Concerns have again been raised that without significant investment in the transmission system in the US, President Biden’s recently announced target of 30 GW of offshore wind by 2030 could run into problems
Experts told a 6 May 2021 webinar organised by Reuters Events, From Offshore to Onshore: Resolving Transmission Constraints with US Offshore Wind Deployment, that massive investment in the transmission system is required if the huge amount of offshore wind energy expected to be built off the US east coast is to reach demand centres ashore.
It was suggested that although the first round of US offshore wind projects and an initial 10 GW of offshore wind could be accommodated using the existing transmission system, partly making use of connection capacity from thermal generation that has been or will be closed down, offshore wind ‘could stall’ if new transmission capacity isn’t added in a timely manner.
In the webinar, Black & Veatch associate vice president and global transmission technology portfolio manager Kevin Ludwig highlighted concerns that, beyond the first round of projects, new transmission lines would need to be built on land to take offshore wind generation. A huge amount of planning, investment and new technology would be needed, he said. That raised the question whether transmission capacity is best added on a project-by-project basis or whether a co-ordinated approach was required.
Avangrid Renewables director new business offshore wind Eric Thumma agreed that, after an initial 10 GW, meeting the transmission needs of much more offshore wind could be challenging.
Mr Thumma noted that in the longer term, the Bureau of Ocean Energy Management recently identified nearly 800,000 acres in the sea area off the east coast known as the New York Bight which would add more offshore generating capacity. Several other areas are also being proposed for new lease areas, among them the Gulf of Mexico, which are being touted as potential offshore wind provinces, all of which would require a connection onshore and upgraded transmission infrastructure.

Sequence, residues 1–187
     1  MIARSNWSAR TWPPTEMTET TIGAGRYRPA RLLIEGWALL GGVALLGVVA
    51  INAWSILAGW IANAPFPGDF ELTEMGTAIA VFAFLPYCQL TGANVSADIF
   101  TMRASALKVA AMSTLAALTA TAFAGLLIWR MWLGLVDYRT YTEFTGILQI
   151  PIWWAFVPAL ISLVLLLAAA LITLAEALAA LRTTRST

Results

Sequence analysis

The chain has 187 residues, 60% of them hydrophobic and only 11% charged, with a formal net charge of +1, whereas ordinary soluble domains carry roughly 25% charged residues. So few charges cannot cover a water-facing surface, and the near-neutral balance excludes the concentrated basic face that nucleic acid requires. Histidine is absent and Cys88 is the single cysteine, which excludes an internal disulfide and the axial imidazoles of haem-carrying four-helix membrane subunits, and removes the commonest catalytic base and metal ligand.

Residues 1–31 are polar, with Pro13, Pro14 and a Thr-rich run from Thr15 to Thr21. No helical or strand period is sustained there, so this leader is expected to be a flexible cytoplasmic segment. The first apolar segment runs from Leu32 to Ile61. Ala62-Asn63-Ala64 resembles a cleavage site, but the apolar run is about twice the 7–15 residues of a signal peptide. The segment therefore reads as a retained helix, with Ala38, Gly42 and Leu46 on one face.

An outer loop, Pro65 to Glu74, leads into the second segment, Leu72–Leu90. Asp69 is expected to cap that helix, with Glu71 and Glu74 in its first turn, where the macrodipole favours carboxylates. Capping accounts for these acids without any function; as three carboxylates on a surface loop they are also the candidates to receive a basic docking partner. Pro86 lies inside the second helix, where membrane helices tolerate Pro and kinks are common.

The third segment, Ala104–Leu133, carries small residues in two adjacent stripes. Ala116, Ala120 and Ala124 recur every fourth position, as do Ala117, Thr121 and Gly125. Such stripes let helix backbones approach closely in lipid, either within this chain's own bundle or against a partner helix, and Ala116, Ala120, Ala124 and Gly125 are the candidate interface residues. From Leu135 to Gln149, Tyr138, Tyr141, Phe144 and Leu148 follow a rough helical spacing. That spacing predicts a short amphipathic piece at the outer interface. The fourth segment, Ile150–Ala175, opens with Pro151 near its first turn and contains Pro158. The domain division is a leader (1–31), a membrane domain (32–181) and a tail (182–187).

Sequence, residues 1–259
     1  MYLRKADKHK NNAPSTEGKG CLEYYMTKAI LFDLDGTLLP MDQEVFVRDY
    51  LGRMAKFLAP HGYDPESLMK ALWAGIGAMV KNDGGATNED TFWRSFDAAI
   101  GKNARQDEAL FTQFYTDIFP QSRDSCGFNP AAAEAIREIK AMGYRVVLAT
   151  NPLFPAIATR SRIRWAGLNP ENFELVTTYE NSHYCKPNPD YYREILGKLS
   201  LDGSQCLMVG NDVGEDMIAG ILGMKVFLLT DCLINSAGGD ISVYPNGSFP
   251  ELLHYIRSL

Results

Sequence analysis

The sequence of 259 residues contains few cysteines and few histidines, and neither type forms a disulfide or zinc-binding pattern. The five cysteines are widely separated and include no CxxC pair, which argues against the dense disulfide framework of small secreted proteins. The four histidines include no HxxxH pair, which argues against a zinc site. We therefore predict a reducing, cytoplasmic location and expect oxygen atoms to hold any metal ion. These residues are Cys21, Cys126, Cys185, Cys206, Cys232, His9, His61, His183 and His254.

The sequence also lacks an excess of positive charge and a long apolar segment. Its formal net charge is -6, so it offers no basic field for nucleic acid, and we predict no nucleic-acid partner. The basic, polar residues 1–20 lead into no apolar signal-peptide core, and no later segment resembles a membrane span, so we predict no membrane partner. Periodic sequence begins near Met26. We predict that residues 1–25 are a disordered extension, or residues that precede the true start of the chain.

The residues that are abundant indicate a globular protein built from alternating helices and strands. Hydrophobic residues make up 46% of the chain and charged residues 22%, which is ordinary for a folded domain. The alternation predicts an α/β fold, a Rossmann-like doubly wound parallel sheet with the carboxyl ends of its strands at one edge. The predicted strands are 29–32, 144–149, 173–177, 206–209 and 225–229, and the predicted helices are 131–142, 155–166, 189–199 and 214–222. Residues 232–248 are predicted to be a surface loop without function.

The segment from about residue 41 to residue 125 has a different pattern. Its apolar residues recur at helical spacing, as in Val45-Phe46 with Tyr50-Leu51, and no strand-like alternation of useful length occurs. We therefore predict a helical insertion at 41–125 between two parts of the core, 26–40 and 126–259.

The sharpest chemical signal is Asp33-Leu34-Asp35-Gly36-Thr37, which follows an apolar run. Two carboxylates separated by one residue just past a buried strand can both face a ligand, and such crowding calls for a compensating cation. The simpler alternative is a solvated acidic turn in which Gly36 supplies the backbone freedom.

ISO New England director transmission strategy and services Al McBride told the webinar that the keys to ensuring the transmission system was ready for huge amounts of offshore wind are “timing, co-ordination and communication.”
PJM vice president of interconnection Ken Siler said there was a “huge queue” of offshore wind projects that need to be connected to the grid, in addition to much other new renewable capacity that is also queuing up.
Mr Siler said although some generation is retiring, the industry as a whole “needs to have its eyes wide open” to ensure it efficiently accommodates offshore wind into the transmission system. He said processes used to address transmission and identify how to connect new generating capacity had worked well, but date from the late 1990s, when there was little or no renewable generation and no offshore wind whatsoever.
Mr McBride said it was also important to avoid a situation in which multiple projects seek the same connection, but only some are built. This needs to be addressed individually, rather than in a co-ordinated fashion.
State and public policy need to be better aligned, Mr Thumma suggested. Beyond the immediate needs of east coast states who have made big commitments to offshore wind capacity, he highlighted the need to enable power from offshore windfarms to be transmitted to states further inland.
Mr Ludwig suggested one way to address the huge transmission challenge the US faces would be to use renewable electricity from offshore windfarms on the east coast to produce green hydrogen, which could be used to decarbonise hard-to-abate sectors of industry.
Concerns expressed in the 6 May 2021 webinar echoed statements made regularly over the past 12-18 months. As highlighted by OWJ, Power Advisory president John Dalton told a 2020 webinar that “interconnection is already one of the most significant project risks” for US offshore wind, and a co-ordinated approach to transmission system development could be the key.
Tufts University professor of civil and environmental engineering Eric Hines told the same webinar that the scale of the second round of offshore wind projects in the US is such that they will really need a joined-up approach and ‘strategic’ thinking about transmission infrastructure.
In his March 2021 plan to jump-start offshore wind projects in the US, President Biden said he wants to use investment in the grid to bring cheaper, cleaner electricity "to where it is needed most." He said this starts with the creation of an investment tax credit that incentivises the buildout of at least 20 GW of high-voltage power lines and mobilises tens of billions in private capital.
In addition, President Biden’s plan will establish a new Grid Deployment Authority at the Department of Energy that allows for better leverage of existing rights-of-way and supports creative financing tools to spur additional high-priority, high-voltage transmission lines.
Riviera Maritime Media’s Offshore Energy Webinar Week is being held 14 June 2021 – use this link for more details and to register